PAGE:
“Leaders should be honest about the economic environment and its challenges for the business…and yet stay positive”

Don’t stop reward and recognition

Just think about your focus – during a downturn, pay increases may be modest or frozen and bonuses reduced or stopped. Plan any communication around these with great sensitivity and military precision. Look for opportunities to praise and provide positive feedback. Use simple recognition awards when the team has done something above and beyond the norm. Research shows it is recognition that most motivates staff and it costs little or nothing.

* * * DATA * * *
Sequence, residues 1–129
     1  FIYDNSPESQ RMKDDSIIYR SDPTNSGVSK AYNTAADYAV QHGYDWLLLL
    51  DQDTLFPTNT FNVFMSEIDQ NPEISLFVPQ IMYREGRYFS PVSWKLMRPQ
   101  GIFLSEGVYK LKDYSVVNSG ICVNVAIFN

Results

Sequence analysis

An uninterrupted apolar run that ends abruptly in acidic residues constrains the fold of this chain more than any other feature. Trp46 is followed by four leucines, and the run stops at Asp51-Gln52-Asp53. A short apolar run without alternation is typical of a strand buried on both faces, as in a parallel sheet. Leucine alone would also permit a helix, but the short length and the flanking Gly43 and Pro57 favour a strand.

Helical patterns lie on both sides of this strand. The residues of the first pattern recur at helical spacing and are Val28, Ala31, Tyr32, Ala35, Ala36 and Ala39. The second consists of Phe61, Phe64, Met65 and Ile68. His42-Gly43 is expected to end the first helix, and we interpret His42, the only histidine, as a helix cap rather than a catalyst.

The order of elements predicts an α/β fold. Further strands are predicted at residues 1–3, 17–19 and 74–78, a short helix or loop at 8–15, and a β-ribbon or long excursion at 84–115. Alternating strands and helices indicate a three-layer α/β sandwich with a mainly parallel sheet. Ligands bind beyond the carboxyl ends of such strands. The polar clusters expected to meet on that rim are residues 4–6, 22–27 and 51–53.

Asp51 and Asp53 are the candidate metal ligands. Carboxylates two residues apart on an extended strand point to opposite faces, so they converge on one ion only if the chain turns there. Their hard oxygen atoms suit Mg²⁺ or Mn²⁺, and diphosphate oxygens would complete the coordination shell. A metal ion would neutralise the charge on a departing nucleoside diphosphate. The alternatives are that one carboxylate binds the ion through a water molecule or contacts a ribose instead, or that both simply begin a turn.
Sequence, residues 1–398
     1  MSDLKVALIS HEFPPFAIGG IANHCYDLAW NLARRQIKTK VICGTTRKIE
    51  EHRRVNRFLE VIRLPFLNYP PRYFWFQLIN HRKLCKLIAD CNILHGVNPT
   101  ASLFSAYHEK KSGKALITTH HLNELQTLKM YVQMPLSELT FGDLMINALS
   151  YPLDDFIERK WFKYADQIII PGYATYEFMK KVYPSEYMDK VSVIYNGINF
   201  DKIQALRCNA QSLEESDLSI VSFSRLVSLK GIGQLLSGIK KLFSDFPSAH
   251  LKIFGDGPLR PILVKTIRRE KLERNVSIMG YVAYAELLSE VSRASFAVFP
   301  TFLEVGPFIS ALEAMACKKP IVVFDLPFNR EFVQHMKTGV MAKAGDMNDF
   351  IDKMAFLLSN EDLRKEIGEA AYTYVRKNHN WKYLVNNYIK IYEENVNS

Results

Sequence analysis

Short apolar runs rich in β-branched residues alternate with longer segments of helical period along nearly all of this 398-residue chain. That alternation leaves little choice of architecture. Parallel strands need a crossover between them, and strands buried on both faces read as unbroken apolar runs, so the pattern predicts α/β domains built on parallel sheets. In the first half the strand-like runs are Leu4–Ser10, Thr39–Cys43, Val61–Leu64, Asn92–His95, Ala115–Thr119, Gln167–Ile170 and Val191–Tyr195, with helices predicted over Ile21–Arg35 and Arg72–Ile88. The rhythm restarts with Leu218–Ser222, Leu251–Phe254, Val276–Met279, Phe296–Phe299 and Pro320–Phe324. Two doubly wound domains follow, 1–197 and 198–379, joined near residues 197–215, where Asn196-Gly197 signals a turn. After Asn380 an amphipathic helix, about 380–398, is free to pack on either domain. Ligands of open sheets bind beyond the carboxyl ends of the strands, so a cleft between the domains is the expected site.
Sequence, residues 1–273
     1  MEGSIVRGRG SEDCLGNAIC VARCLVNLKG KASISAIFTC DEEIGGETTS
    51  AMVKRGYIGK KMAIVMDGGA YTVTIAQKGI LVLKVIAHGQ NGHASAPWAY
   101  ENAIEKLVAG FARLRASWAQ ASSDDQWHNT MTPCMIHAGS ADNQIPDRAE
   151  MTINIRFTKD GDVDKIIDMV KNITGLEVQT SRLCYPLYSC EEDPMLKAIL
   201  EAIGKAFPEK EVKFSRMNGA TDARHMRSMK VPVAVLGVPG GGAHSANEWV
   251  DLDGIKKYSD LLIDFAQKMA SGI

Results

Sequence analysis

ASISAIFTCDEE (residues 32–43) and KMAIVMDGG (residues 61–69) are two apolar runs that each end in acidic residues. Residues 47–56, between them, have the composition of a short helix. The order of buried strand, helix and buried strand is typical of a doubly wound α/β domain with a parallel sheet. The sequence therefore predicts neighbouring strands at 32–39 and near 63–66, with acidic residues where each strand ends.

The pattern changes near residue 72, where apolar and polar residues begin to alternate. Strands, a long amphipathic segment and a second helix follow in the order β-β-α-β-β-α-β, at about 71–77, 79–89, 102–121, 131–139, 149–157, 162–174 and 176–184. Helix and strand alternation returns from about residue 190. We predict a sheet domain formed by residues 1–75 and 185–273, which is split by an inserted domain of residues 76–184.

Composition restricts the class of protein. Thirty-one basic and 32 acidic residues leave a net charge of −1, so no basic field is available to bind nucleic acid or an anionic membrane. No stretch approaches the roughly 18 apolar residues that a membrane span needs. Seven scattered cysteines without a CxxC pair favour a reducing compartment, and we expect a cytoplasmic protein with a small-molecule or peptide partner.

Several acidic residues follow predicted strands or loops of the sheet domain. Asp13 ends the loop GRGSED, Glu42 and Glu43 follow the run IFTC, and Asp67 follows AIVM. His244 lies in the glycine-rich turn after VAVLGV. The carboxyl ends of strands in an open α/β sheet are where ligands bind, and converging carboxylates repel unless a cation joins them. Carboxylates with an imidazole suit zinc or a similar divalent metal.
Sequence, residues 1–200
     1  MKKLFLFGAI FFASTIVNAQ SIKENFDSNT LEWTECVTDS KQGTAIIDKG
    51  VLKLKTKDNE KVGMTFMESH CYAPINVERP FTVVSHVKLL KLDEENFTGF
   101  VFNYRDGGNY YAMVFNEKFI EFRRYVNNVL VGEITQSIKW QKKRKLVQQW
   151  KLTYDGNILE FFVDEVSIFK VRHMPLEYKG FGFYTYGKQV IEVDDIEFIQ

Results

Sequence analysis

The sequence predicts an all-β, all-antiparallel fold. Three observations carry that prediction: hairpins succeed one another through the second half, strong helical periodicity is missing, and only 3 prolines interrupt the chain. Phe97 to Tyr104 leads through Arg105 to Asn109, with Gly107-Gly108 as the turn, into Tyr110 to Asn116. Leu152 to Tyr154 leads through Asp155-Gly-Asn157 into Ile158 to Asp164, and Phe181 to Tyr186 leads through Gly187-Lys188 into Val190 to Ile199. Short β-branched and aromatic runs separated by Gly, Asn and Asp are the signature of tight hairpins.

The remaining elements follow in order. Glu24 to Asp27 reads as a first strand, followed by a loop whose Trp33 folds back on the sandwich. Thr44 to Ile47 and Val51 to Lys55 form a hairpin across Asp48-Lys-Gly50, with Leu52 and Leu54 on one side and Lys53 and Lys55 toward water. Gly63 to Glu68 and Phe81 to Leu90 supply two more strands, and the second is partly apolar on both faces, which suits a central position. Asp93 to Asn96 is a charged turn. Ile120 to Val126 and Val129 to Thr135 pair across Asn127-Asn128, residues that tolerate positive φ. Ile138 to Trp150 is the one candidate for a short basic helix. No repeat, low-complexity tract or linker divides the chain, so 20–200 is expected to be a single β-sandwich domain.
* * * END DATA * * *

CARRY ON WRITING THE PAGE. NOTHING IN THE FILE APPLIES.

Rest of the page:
‘Stick with it’

Motivation, morale and retaining key players requires doing all of the above day in day out, these are not one-off activities. A combination of management (systems, processes, planning and implementation) and leadership (clarity of direction, change – what/why/how/skills, motivation, and engagement) will bring success.

A behaviour strategy designed to complement the business strategy will highlight the key areas of human focus and will enable leaders to think strategically while addressing their employee’s concerns. Leaders will be able to communicate with their staff effectively and implement actions that empower individuals and teams to engage their efforts enthusiastically for optimum performance.

Cath Murphy is a partner at ChangeMaker International.

2 Responses

  1. Communicate – but maybe not ‘relentlessly’